Thomas Galloway Lowe, who follows farming near the town of Franklin, is a son of Thomas and Eliza (Galloway) Lowe, who were natives of Scotland. Reared and married in that country, three children were there born to them, after which they sailed with their family for America, in 1853. They landed in New York and made a location in the east, but by various removals gradually made their way westward, and in the interim six more children were added to the family. In 1861 they started to cross the plains with an old yoke of oxen, bringing with them their nine children. They traveled from spring until fall, but eventually reached their destination in safety, and Mr. Lowe, who was a carpenter by trade, at once secured work on a grist mill. He remained at East Weaver, Utah, until the spring of 1863, when with his wife and children, now ten in number, he came to Oneida county, Idaho, and settled upon unsurveyed lands. There he made his home until 1886, when he was called to his final rest, at the age of sixty-five years. His wife survives him and now resides on the old homestead, in the seventy-third year of her age, a much respected old lady, numbered among the brave pioneer women of the state. She was the faithful and loving mother of sixteen children, fourteen of whom are living. Thomas G. Lowe, the eldest child, was born in Scotland, April 11, 1851, and was only two years old at the time of the emigration of the family to America. He obtained the greater part of his...

Biography of George C. Parkinson

George C. Parkinson, president of the Oneida stake of the Church of Jesus Christ of the Latter Day Saints, with residence at Preston, Idaho, is a native son of Utah, his birth having occurred in Keysville, Davis county, July 18, 1857. His father is Samuel Rose Parkinson, one of the most prominent pioneer citizens of Oneida County, Idaho. President Parkinson is the fourth child and third son of the family. He was educated at Brigham Young College, in Logan, Utah, and was graduated with honor in the class of 1880. He entered upon his business career as a teacher in Logan, his first term of school being in 1877-8. He continued teaching until 1881, at which time he was sent on a mission to the southern states, where he remained for a year, doing a very successful work. He then went to England, where he remained for a year and three months, and the work he accomplished for the church there was also very satisfactory. Upon his return, in the spring of 1883, he again resumed teaching and was appointed one of the presiding officers of the stake, making his home and headquarters at Franklin. Subsequently he removed to Oxford, where he resumed teaching and was elected county superintendent of schools on the Republican ticket. While at that place he was also superintendent of a cooperative store, and during that time a very unpleasant and unjust occurrence came into his life. An alleged polygamist hid in the cellar of his store without his knowledge, but the officers arrested President Parkinson for concealing a criminal. He was tried, James H....

Biography of Thomas Smith

Thomas Smith, county assessor of Oneida county, and a leading merchant and farmer of Preston, was born in Brigham City, Utah, October 22, 1862, his parents being Samuel and Maria Smith, who were natives of England. In that land they embraced the faith of the Church of Jesus Christ of Latter Day Saints, and wishing to ally their interests with the colony of that belief resident in Utah, they crossed the Atlantic to America and settled in the Salt Lake region at an early period in its development. They located first at Cottonwood, and a little later at Brigham City, where the father was known as one of the prominent pioneers. He served as probate judge and mayor of the city for a number of years, and took an active part in public affairs. He was the father of about fifty children, was counselor to the president of Box Elder, and a man of much influence and ability. He departed this life in the seventieth year of his age, but the wife of his youth is still living, one of the honored pioneer women of Utah. Their son, Thomas Smith, was educated in Brigham City and at twelve years of age began to earn his own living by working in the pioneer woolen factory of that part of the country. In 1882 he came to Cache valley, locating at what was then known as the Falls, but is now Riverdale, where for five years he engaged in ranching. In 1887 he came to Preston and accepted a clerkship in the large general mercantile store of William C. Parkinson &...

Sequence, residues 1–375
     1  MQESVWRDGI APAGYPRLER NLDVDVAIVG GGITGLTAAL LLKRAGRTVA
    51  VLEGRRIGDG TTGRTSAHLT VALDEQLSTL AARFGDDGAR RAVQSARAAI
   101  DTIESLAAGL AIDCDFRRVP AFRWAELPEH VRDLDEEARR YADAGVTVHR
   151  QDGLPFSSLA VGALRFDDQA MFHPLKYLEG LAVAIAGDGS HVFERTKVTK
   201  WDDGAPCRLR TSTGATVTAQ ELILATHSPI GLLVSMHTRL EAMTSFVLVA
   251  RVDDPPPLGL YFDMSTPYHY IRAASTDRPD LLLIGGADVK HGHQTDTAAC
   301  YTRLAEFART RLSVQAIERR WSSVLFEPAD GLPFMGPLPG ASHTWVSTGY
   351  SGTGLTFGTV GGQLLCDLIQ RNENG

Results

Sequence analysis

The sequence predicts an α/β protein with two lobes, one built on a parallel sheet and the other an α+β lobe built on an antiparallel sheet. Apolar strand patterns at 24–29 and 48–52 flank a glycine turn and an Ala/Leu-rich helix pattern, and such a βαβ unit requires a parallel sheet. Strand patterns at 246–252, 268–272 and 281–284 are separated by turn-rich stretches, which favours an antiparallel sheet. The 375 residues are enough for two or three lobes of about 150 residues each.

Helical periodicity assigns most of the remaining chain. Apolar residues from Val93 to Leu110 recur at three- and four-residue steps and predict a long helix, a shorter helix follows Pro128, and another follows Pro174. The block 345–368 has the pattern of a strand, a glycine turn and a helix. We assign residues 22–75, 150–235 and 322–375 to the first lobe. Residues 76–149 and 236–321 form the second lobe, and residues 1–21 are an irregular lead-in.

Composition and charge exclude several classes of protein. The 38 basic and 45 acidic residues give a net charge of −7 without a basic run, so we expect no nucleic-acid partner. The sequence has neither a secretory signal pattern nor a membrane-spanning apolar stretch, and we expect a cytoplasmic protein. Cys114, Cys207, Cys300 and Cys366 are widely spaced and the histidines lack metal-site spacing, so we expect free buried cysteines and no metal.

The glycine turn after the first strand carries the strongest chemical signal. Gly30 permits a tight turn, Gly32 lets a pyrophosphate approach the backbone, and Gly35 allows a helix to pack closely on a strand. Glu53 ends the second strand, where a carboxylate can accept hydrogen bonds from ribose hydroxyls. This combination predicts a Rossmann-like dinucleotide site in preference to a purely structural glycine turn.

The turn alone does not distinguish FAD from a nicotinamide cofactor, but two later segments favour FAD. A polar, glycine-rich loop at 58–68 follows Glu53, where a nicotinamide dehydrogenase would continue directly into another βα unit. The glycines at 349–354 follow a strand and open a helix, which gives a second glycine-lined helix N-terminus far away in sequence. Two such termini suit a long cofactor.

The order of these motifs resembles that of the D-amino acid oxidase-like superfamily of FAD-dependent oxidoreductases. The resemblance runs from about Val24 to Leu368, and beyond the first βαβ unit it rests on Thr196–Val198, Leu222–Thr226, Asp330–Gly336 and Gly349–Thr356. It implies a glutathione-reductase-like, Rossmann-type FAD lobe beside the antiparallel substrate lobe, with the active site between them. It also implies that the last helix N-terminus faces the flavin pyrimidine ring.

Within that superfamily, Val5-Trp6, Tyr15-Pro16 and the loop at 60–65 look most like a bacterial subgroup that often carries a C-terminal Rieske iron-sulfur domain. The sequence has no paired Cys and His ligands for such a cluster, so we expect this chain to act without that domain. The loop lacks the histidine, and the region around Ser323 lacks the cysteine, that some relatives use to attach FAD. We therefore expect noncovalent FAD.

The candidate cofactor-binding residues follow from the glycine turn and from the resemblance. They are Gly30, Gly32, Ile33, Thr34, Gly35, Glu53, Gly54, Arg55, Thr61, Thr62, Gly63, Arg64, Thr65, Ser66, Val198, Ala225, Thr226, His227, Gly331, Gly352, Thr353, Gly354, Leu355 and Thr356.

Biography of Francis L. Wilcox

Francis Lazell Wilcox, a veteran of the civil war, is now engaged in agricultural pursuits in Oneida County, and is numbered among the pioneer settlers of Preston. A native of Pennsylvania, he was born in the town of Jackson, Susquehanna County, April i, 1840, his parents being Elan and Elvira (Bryant) Wilcox. The father was born in Brattleboro, Vermont, March 16. 1815, and in Jackson, Pennsylvania, married Miss Bryant, whose birth occurred April 13, 1821. He was an industrious, honest man, of good judgment and sterling worth, and for a number of years held the office of justice of the peace. He died March, 1889, at the age of seventy-four years, and his wife, who was a member of the Presbyterian church died February 9, 1889, in the sixty-eighth year of her age. They were the parents of eleven children. Francis L. Wilcox, their eldest child, was educated in the public schools of Pennsylvania and remained at home with his father, working on the farm, until twenty-three years of age, when, in answer to President Lincoln’s call for volunteers to put down the rebellion and hold aloft the flag which the Confederates would fain have trailed in the dust, he enlisted in Company K, Fifty-eighth Pennsylvania Infantry, January 1, 1862. He served until June 25th of the same year, when, on account of illness, he was honorably discharged. Still the need for volunteers continued, and on the 6th of September 1864, he re-enlisted, becoming a member of Company G, One Hundred and Eighty-fifth New York Infantry. During both terms he was with the Army of the Potomac, and shortly...